16. The process of removing and salvaging waterinsoluble fluorescent phosphor material which will not react chemically with a water solution of alkali metal carbonate from a cathode-ray screen of the type wherein said material is secured to a screen plate by means of a water-soluble binder and is covered by an electrontransparent conductive coating, said process comprising: directing upon said screen a jet containing an alkali metal carbonate powder, whereby to remove said phosphor material, said binder, and said conductive coating from said plate; subjecting the resulting mixture of screen materials and powder to a water bath to form a solution in which said powder, said binder, and said conductive coating are dissolved, and then filtering the bath water .to remove said phosphor material therefrom.

No references cited.

Non-Patent Citations
Reference
1 *None
Referenced by
Citing PatentFiling datePublication dateApplicantTitle
US3396495 *Jan 13, 1966Aug 13, 1968Western Electric CoMethod of cleaning a molded plastic article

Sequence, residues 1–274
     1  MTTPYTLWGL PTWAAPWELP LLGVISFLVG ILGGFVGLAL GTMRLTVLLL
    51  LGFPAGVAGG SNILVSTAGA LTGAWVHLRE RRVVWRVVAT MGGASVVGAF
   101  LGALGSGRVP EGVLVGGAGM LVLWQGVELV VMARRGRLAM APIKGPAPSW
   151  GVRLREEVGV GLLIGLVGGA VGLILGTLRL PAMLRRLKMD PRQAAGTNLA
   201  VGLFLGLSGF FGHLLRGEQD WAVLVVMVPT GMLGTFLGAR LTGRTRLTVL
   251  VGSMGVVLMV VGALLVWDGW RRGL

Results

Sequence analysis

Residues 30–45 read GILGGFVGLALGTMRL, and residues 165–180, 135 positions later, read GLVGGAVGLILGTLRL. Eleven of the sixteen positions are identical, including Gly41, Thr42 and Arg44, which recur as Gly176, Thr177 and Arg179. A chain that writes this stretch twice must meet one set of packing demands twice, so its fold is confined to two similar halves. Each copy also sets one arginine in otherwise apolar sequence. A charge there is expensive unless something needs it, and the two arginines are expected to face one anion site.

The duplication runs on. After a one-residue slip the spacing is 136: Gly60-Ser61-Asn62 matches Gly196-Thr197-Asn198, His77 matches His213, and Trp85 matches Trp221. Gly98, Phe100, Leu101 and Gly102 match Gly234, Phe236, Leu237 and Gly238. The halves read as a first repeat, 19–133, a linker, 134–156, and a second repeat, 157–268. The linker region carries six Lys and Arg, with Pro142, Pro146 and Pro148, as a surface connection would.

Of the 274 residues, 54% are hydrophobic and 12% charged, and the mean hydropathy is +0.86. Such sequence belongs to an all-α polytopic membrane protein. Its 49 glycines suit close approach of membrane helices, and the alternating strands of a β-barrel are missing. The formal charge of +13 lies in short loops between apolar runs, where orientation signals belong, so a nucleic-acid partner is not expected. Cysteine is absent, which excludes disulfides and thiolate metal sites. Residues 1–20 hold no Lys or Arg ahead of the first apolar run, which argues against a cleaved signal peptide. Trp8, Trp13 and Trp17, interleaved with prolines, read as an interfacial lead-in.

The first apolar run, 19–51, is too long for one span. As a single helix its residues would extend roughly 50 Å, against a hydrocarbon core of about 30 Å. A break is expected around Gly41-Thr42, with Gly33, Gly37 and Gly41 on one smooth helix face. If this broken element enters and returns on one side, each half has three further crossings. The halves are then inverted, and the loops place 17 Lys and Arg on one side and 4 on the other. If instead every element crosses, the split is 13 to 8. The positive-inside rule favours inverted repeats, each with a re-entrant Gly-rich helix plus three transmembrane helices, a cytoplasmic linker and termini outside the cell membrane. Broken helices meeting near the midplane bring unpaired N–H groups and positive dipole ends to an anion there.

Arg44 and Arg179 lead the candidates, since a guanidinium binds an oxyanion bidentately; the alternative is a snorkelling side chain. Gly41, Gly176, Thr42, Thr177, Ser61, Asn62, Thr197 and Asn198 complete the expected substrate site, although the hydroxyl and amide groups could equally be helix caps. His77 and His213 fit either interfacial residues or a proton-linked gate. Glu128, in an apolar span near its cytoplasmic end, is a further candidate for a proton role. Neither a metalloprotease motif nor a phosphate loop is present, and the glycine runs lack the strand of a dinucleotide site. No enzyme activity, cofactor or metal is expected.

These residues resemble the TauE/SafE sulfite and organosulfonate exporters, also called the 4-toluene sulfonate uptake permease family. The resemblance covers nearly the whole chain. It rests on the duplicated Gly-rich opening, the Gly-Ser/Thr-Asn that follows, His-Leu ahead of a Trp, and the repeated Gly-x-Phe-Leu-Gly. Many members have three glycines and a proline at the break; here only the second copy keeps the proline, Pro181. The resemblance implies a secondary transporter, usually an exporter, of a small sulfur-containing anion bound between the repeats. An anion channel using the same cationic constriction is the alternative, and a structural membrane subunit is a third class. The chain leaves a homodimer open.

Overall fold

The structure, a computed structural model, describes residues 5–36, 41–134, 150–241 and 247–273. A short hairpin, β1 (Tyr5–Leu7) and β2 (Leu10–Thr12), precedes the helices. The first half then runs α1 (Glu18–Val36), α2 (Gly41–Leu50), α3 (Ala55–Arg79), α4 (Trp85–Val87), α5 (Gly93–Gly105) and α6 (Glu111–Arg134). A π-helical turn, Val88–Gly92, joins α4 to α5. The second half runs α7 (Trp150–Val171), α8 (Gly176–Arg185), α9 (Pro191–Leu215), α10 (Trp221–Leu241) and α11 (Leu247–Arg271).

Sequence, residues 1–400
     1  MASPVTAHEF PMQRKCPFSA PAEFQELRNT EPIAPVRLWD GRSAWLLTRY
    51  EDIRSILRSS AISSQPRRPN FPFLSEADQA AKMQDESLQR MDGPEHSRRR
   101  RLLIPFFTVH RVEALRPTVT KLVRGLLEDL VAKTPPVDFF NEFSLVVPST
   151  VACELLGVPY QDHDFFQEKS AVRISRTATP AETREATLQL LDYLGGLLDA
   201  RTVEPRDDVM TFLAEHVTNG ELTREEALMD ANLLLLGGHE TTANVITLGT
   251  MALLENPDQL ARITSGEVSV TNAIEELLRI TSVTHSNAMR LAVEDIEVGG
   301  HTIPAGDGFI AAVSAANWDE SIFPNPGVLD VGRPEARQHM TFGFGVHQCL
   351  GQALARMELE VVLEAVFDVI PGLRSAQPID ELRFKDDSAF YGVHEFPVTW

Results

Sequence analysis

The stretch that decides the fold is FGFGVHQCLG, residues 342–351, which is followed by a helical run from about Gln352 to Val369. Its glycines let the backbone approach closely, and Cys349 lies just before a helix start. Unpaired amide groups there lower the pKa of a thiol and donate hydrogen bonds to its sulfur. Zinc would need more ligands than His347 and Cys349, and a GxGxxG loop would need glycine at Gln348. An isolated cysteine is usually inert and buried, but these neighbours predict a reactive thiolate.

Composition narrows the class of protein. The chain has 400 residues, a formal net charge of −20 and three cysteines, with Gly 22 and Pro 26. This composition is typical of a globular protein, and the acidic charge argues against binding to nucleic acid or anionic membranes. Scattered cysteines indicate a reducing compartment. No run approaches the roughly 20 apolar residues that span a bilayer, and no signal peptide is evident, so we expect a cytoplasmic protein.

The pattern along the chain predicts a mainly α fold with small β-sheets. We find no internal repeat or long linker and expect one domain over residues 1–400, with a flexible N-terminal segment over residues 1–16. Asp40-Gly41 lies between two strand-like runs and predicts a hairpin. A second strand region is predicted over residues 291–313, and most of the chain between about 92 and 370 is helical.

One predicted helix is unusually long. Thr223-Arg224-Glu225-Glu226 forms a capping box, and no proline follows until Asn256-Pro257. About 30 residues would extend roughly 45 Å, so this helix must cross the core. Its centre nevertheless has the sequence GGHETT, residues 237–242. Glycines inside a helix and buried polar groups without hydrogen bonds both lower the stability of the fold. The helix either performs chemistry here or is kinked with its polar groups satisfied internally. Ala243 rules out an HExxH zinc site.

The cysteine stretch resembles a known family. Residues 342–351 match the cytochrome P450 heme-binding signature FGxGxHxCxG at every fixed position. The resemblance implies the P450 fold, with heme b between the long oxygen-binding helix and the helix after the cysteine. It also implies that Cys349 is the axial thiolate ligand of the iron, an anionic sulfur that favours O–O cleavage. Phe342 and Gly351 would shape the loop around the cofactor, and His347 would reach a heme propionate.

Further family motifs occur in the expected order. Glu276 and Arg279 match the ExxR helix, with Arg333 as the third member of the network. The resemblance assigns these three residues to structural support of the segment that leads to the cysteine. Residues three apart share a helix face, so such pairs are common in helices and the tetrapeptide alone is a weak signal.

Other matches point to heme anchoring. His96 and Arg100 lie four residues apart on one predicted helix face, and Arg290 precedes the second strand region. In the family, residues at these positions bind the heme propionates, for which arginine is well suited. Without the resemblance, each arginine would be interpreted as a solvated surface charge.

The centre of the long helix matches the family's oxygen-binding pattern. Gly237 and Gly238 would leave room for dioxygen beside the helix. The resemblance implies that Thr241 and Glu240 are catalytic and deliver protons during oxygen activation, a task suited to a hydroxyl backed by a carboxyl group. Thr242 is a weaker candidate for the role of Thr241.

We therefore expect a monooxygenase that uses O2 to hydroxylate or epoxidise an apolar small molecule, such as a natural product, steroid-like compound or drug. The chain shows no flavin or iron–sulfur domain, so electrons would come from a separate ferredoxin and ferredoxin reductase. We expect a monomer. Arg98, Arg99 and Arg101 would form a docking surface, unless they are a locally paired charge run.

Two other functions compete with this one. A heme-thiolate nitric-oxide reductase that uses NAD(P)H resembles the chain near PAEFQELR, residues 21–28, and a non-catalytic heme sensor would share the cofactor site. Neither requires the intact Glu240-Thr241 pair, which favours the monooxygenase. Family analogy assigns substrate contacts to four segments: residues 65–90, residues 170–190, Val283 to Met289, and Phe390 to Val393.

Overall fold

US3427644 *Nov 23, 1966Feb 11, 1969Sylvania Electric ProdProcess of forming a matrix structure
US3460296 *Oct 24, 1966Aug 12, 1969Xerox CorpMetalworking
US4165396 *Jun 19, 1978Aug 21, 1979Rca CorporationPhosphor particles removed by use of alkaline solution to dissolve polymeric film
US4517224 *Aug 18, 1983May 14, 1985Rca CorporationMethod for removing a phosphor layer from a support surface
US4731125 *Aug 21, 1985Mar 15, 1988Carr Lawrence SMedia blast paint removal system
US5011443 *Jan 2, 1990Apr 30, 1991Zenith Electronics CorporationCleaning of flat glass CRT faceplate with internal anti-glare surface
US5439493 *Aug 3, 1993Aug 8, 1995Church & Dwight Co., Inc.Abrasive coating remover and process for using same
US5505749 *Nov 8, 1993Apr 9, 1996Church & Dwight Co., Inc.Free-flowing mixture containing major amount of soft abrasive particles, minor amount of hard abrasive particles
US5509971 *Jan 27, 1995Apr 23, 1996Church & Dwight Co., Inc.Blasting
US5531634 *Feb 3, 1995Jul 2, 1996Schott; PaulMethod of using an abrasive material for blast cleaning of solid surfaces
US20100022152 *Sep 26, 2007Jan 28, 2010Panasonic CorporationMethod of recovering material and material recovering apparatus
WO1990011163A2 *Mar 14, 1990Sep 15, 1990Church & Dwight Co IncProcess for removing coatings from sensitive substrates, and blasting media useful therein
WO1991015308A1 *Apr 4, 1991Oct 7, 1991Church & Dwight Co IncImproved process for removing coatings from sensitive substrates, and blasting media useful therein
Classifications
U.S. Classification252/301.60R, 451/56, 451/76, 134/7, 451/39, 134/8
International ClassificationH01J9/22
Cooperative ClassificationH01J9/224
European ClassificationH01J9/22B6